In today’s post, we will start our journey into more complex query scenarios by exploring how to load related entities. There are a few different scenarios to cover here. In this post we will be covering the Many-to-One scenario.

Many-to-One

Continuing with our sample domain for the ever expanding Air Paquette airline, we will now look at loading a list of ScheduledFlight entities. A ScheduleFlight has a departure Airport and an arrival Airport.

public class ScheduledFlight 
{
public int Id {get; set;}
public string FlightNumber {get; set;}

public Airport DepartureAirport {get; set;}
public int DepartureHour {get; set;}
public int DepartureMinute {get; set;}

public Airport ArrivalAirport {get; set;}
public int ArrivalHour {get; set;}
public int ArrivalMinute {get; set;}

//Other properties omitted for brevity
}

public class Airport
{
public int Id {get; set;}
public string Code {get; set;}
public string City {get; set;}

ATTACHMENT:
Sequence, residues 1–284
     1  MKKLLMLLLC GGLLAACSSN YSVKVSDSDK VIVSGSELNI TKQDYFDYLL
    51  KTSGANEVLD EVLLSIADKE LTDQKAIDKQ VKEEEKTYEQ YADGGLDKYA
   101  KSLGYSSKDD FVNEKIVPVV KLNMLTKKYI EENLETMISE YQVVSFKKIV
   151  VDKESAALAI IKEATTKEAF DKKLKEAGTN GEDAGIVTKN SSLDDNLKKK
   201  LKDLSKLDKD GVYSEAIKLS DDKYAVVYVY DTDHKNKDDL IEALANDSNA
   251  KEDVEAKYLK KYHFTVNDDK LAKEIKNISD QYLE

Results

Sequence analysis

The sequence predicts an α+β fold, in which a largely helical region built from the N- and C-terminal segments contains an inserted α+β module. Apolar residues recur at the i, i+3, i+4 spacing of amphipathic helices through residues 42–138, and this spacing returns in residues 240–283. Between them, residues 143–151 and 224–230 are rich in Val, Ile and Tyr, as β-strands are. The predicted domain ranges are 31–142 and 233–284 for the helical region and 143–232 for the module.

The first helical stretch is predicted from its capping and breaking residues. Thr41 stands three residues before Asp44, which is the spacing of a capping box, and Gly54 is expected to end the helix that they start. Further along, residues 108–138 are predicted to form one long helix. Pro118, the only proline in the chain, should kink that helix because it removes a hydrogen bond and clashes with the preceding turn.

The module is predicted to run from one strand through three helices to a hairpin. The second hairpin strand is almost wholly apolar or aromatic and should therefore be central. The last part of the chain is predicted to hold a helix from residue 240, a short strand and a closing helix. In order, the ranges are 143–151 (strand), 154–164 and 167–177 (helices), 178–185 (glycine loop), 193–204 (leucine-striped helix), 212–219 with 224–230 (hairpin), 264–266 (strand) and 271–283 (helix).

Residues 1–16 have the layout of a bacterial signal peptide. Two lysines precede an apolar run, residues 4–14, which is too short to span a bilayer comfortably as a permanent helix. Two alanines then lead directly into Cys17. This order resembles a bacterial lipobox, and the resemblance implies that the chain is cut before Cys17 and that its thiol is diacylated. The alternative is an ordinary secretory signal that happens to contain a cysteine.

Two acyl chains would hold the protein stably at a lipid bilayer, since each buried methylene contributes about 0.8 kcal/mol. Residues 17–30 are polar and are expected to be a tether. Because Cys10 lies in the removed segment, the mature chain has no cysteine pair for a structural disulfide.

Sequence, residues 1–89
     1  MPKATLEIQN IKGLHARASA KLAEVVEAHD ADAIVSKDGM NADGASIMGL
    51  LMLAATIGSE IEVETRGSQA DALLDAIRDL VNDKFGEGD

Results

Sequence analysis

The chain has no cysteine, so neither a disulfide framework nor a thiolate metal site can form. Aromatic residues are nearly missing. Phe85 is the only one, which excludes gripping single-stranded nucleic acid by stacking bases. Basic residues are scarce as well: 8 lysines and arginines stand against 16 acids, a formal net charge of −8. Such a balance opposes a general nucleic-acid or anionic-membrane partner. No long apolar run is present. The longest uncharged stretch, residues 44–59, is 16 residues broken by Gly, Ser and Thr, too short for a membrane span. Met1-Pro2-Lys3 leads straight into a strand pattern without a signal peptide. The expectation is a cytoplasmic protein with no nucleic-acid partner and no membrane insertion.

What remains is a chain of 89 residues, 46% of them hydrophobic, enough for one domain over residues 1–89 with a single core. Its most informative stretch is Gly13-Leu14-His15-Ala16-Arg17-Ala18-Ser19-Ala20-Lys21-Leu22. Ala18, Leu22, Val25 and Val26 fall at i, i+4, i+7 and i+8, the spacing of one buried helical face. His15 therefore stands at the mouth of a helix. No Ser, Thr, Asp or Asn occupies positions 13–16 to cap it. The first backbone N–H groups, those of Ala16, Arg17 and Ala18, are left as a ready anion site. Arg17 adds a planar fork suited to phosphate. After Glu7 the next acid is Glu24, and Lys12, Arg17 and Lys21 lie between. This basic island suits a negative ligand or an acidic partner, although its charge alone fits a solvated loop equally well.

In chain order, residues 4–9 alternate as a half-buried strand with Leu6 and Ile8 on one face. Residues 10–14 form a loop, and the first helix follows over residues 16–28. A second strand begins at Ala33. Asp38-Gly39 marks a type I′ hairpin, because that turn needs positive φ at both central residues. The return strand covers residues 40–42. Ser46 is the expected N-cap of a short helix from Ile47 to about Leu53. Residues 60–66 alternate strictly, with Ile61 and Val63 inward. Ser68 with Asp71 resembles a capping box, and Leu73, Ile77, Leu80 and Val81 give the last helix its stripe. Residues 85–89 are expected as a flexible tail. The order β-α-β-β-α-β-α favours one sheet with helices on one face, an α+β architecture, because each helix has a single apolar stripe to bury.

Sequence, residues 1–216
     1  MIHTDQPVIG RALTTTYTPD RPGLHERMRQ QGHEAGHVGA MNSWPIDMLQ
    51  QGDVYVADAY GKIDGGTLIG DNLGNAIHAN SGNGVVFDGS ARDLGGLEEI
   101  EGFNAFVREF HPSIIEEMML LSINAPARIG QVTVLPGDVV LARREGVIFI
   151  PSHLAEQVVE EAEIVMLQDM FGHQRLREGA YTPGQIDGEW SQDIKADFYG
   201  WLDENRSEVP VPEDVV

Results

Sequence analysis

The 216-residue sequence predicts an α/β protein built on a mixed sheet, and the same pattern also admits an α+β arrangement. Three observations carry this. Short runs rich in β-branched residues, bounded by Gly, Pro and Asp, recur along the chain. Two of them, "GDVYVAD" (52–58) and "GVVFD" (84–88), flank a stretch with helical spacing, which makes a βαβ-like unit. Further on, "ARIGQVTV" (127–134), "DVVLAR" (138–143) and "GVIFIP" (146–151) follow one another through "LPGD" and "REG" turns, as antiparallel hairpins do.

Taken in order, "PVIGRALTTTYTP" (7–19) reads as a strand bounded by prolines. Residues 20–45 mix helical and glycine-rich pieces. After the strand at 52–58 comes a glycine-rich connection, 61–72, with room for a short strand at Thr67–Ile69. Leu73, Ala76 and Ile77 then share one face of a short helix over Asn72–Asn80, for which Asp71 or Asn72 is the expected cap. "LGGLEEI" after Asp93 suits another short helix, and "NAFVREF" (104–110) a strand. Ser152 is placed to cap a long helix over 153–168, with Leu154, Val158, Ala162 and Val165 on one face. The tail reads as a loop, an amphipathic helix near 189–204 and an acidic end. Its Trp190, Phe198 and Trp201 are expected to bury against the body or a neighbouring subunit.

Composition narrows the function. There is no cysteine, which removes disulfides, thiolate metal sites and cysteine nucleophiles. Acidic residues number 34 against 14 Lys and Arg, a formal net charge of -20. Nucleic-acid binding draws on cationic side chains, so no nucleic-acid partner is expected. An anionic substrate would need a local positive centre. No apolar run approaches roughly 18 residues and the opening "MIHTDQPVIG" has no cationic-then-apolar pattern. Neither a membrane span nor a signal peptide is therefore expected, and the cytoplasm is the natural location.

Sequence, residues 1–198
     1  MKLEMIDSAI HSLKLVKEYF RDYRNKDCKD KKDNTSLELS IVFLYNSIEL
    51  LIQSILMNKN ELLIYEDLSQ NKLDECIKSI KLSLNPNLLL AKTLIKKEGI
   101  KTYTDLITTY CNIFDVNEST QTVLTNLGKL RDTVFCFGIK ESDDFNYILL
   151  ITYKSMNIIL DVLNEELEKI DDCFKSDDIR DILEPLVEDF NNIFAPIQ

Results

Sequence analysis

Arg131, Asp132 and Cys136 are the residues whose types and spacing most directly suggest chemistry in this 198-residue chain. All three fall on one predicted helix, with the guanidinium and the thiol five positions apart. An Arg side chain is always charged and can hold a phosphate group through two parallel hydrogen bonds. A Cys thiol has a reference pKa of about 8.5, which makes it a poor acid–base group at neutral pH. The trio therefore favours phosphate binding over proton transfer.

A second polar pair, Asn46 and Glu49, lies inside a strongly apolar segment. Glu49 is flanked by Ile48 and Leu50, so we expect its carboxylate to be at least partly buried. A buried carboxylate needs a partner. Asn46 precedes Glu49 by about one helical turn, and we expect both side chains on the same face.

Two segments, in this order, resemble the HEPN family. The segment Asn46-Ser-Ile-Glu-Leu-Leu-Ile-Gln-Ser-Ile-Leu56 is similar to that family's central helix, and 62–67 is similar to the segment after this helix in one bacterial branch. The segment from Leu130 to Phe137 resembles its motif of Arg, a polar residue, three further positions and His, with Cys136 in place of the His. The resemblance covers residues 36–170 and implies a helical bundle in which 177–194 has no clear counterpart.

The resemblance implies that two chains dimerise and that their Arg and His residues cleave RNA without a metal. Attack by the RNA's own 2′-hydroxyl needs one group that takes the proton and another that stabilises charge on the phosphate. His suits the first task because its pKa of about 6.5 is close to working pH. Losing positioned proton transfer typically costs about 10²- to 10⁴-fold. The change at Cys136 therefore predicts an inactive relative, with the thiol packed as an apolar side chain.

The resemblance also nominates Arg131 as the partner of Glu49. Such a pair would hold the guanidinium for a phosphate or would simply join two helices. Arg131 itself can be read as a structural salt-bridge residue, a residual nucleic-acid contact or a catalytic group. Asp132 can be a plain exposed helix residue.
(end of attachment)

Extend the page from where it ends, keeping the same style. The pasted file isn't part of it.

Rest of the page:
public string ProvinceState {get; set;}
public string Country {get; set;}
}

Side Note: Let’s ignore my poor representation of the arrival and departure times of the scheduled flights. In a future most we might look using Noda Time to properly represent these values.

Loading everything in a single query

Using Dapper, we can easily load a list of ScheduledFlight using a single query. First, we need to craft a query that returns all the columns for a ScheduledFlight, the departure Airport and the arrival Airport in a single row.

SELECT s.Id, s.FlightNumber, s.DepartureHour, s.DepartureMinute, s.ArrivalHour, s.ArrivalMinute, s.IsSundayFlight, s.IsMondayFlight, s.IsTuesdayFlight, s.IsWednesdayFlight, s.IsThursdayFlight, s.IsFridayFlight, s.IsSaturdayFlight,
a1.Id, a1.Code, a1.City, a1.ProvinceState, a1.Country,
a2.Id, a2.Code, a2.City, a2.ProvinceState, a2.Country
FROM ScheduledFlight s
INNER JOIN Airport a1
ON s.DepartureAirportId = a1.Id
INNER JOIN Airport a2
ON s.ArrivalAirportId = a2.Id

We use the QueryAsync method to load a list of ScheduledFlight entities along with their related DepartureAirport and ArrivalAirport entities. The parameters we pass in are a little different from what we saw in our previous posts.

[HttpGet]
public async Task<IEnumerable<ScheduledFlight>> Get(string from)
{
IEnumerable<ScheduledFlight> scheduledFlights;

using (var connection = new SqlConnection(_connectionString))